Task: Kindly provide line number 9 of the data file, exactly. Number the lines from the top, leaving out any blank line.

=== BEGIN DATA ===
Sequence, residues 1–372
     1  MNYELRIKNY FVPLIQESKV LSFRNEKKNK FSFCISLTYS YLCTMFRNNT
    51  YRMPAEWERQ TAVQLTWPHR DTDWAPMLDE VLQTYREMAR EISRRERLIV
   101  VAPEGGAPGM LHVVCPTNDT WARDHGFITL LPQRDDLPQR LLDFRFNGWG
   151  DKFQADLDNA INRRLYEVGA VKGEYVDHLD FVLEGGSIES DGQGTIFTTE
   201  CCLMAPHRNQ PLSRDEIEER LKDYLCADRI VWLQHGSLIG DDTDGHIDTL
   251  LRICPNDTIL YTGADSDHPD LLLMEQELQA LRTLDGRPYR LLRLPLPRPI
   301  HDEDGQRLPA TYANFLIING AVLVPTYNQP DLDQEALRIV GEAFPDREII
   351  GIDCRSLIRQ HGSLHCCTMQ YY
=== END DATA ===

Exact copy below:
   351  GIDCRSLIRQ HGSLHCCTMQ YY